Director Samuel Bayer has an impressive résumé of music videos, and was personally recruited by Michael Bay for the project. Unfortunately, Bayer was considerably more concerned with refining the visuals of the film than adequately developing the characters or helping the actors bring them to life in a convincing fashion. A Nightmare on Elm Street hastily sprints into conflict without developing the community of characters or even offering so much as a hello. In particular, Nancy gets the shaft in terms of characterisation. While this new Nightmare on Elm Street is visually appealing and thus fairly enjoyable from start to finish, the film is unable to sustain momentum or create enough genuine tension. There’s no reason to care about the one-dimensional caricatures which are passed off as the heroes, and consequently there’s no emotional kick or any nail-biting Freddy attack scenes.
For a reimagining, 2010’s A Nightmare on Elm Street is disastrously low on creativity, too. Most detrimental is the lack of genuinely memorable kills and gore in general – the kills are all workmanlike and unremarkable. This is especially unforgivable considering that even the weakest Nightmare sequels boasted a few creative scenarios. Additionally, several iconic images and moments from the 1984 film were recreated here, but these only serve to provide the movie with a frequent “been there, done that” feel. They also seem cold and routine, and, while slick in appearance, they are less impressive than the practical effects used in Craven’s original. In the original, the image of Freddy appearing out of the wall above Nancy’s bed was achieved practically. In this 2010 version, the image was achieved with obvious-looking digital effects, and it weakens the impact. The filmmakers behind A Nightmare on Elm Street clearly banked on making money by capitalising on the name and general appearance of Craven’s film, but neglected to replicate the underlying spirit that made the original picture such a genre classic.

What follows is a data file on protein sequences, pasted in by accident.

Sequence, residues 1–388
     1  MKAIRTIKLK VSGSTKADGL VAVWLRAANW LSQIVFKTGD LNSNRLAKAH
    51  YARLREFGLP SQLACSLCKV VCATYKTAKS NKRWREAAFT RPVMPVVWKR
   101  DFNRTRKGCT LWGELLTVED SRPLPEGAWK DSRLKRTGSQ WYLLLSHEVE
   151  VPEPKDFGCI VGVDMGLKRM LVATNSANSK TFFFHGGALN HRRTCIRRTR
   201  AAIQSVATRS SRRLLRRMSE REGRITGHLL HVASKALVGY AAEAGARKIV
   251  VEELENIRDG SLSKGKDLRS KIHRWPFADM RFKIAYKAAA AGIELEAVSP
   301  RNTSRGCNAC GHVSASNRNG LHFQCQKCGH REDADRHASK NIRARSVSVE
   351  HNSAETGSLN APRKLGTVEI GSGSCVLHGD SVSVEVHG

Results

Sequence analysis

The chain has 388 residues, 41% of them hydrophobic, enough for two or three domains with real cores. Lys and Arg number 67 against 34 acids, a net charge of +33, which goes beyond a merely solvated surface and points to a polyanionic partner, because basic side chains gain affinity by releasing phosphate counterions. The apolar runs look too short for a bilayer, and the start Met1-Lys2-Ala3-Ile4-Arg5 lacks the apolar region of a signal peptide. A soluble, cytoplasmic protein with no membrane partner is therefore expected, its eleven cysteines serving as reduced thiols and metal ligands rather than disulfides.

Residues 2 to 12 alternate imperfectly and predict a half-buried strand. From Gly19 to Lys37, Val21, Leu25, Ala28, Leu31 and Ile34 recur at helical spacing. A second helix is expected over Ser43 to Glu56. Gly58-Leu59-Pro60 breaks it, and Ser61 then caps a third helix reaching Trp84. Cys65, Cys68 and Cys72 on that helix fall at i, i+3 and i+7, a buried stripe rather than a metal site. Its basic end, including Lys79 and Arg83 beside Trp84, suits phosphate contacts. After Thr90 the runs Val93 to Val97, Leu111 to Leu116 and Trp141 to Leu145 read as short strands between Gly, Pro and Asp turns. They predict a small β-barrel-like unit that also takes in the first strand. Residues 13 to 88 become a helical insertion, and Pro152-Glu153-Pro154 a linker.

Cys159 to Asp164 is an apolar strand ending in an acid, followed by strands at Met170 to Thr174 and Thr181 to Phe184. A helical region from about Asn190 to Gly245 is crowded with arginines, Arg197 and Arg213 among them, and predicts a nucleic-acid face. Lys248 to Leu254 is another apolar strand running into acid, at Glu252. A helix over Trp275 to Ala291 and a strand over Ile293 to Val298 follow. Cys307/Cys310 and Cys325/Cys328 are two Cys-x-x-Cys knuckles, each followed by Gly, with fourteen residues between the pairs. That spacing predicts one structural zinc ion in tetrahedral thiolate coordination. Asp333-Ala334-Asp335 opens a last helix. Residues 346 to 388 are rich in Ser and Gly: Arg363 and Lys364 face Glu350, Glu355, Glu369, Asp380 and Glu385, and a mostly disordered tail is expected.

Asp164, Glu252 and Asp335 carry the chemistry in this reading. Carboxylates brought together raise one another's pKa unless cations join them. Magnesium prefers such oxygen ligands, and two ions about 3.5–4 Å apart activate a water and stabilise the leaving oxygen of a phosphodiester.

In terms of acting, the standout is Jackie Earle Haley who delivered a suitably intense performance as Freddy. Fortunately, it does not feel like a simple retread of Robert Englund’s work in the role – it’s a laudable interpretation, and his voice is menacing. However, the make-up is unimpressive – Haley looks vaguely reptilian, like an old man with a bad skin condition. Apparently the aim was to make Freddy resemble a real burn victim, but why is “reality” important in a movie which deals so forcefully in dreams?
As for Rooney Mara as Nancy, the actress is awful; mumbling her lines and transforming the role into a mopey wuss. Mara conjures up no sense of personality or bafflement – she simply stares at her equally monotonous co-stars. Kyle Gallner is tolerable as the potential love interest for Mara’s Nancy, but both Kellan Lutz and Katie Cassidy are dreadful in addition to looking far too old to be playing teenagers. Perhaps there’s another Johnny Depp to be found in this cast (Depp was, after all, unimpressive in Craven’s original), but that’s unlikely.
The magic of the original 1984 film was Freddy’s monster status and the way that this hysteria generated a neighbourhood mood of confusion and bewilderment. Bayer’s 2010 reimagining is only interested in the gore shots that Freddy brings, rather than the curse of Freddy. This leads to the ultimate point about the film: it’s watchable, but disposable, unnecessary and unremarkable, and it pales in comparison to the cherished original.